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The preceding had nothing to do with unemployment, as was my day. I don’t know if I should be worried about that or relieved that I’m not obsessing over our predicament quite as much.

Why I Won’t Watch Breaking Bad

bbadrect011-460x3071As someone who is both a Christian and a lover of good television and well-told stories, whether or not to watch Breaking Bad is something I’ve struggled with for a long time.

I tried to watch the pilot a couple years ago and made it about 15 minutes in before stopping. Too many F Bombs, a topless woman and an overall dark and depressive feeling to the entire proceedings left me feeling cold and like I needed to spend some time repenting.

Some time passed, Breaking Bad entered its final stretch, and I started hearing from friends at church about how much they enjoy Breaking Bad. They dig the show and don’t have any problems with it like I did. I decided to give it another shot. I did some research and found out the rest of the show isn’t like what I saw. The F bomb doesn’t really appear all that often and nudity is at a minus. Besides, Citizen Kane is my favorite movie. What is that but a movie about one man’s descent into self-destruction brought on by his own selfish choices? I love the movie BECAUSE it’s about that. It’s a great lesson about the kind of lives we should be living. No one wants to end up like Kane.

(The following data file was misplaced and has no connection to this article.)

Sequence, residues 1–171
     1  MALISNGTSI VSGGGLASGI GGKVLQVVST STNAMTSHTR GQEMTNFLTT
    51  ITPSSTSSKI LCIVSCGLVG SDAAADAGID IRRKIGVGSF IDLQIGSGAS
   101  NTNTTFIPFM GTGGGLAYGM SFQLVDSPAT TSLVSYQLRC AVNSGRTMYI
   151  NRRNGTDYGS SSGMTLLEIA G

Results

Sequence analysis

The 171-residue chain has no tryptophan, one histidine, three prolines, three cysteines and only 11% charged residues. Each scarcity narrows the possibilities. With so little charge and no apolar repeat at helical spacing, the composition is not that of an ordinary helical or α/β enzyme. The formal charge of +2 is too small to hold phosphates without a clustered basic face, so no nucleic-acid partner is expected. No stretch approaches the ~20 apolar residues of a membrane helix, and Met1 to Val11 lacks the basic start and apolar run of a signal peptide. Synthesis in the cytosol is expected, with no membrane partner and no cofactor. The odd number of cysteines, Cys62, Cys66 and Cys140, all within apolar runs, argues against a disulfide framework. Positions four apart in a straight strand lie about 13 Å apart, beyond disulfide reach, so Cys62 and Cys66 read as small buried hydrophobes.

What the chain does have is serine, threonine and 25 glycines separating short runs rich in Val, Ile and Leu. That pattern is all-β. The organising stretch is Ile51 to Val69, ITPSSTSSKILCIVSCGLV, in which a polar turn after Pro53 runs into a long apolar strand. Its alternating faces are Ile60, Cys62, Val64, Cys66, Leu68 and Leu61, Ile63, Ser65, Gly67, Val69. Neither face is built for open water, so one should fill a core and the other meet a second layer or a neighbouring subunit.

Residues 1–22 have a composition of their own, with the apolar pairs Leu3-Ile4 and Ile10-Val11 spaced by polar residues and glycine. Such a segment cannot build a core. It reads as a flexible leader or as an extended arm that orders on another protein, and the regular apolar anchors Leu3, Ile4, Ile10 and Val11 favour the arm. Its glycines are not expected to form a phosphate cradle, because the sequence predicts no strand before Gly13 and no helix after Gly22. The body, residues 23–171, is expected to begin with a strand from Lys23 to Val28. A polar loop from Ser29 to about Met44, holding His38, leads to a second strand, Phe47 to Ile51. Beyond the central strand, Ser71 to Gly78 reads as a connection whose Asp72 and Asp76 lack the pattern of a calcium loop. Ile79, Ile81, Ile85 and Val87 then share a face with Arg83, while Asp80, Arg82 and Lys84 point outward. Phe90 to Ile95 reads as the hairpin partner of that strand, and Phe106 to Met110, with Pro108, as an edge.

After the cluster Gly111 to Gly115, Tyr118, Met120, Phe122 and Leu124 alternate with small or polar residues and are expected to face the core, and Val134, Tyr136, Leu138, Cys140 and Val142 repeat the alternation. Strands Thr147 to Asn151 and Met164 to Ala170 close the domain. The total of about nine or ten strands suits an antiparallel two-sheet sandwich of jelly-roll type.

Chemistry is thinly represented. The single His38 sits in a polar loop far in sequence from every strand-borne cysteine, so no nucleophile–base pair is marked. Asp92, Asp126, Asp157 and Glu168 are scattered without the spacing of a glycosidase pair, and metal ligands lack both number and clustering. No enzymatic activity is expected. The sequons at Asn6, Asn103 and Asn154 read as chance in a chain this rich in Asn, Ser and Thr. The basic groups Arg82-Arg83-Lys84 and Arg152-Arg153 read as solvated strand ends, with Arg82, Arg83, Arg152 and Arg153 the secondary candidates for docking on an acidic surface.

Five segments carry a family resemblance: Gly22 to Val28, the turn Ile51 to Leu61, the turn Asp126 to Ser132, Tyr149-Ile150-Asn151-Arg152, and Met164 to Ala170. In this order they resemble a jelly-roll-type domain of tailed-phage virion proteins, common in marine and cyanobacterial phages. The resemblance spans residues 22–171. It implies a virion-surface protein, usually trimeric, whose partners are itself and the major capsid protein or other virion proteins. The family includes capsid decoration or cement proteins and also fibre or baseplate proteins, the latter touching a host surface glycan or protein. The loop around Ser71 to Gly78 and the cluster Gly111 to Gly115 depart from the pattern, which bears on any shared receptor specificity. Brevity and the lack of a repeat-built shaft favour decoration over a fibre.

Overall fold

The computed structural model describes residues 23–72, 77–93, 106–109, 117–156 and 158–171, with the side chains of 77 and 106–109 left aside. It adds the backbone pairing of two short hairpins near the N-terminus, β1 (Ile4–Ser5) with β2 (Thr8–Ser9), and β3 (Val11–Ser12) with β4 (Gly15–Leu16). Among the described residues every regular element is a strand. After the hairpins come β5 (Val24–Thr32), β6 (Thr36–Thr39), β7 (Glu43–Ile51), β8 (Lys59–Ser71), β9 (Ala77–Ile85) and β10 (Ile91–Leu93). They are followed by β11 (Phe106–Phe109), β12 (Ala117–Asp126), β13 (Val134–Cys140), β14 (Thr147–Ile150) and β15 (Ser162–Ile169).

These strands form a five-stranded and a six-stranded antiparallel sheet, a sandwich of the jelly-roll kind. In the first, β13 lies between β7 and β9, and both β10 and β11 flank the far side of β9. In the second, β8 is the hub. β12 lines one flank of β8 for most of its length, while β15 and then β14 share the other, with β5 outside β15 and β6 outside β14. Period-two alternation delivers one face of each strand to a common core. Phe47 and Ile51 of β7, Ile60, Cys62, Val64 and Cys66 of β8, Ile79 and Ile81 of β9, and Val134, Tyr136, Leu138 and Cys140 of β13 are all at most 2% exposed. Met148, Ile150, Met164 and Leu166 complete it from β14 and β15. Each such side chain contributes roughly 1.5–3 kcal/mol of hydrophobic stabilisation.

SO, I queue up the pilot to Breaking Bad again and this time I forced myself through it. There was lots to love, certainly. It’s well photographed, holds your interest, and the psychology of the thing was fascinating. I loved all the actors and their performances–Bryan Cranston in particular is always worth watching, as everyone knows. Loved Aaron Paul, who was new to me. The writing was so, so good. It’s exactly the kind of show I could really get into.

And I won’t watch one minute past the pilot even though I desperately want to. The storyteller in me is dying for the master class I know is just waiting for me on Netflix, but I won’t do it.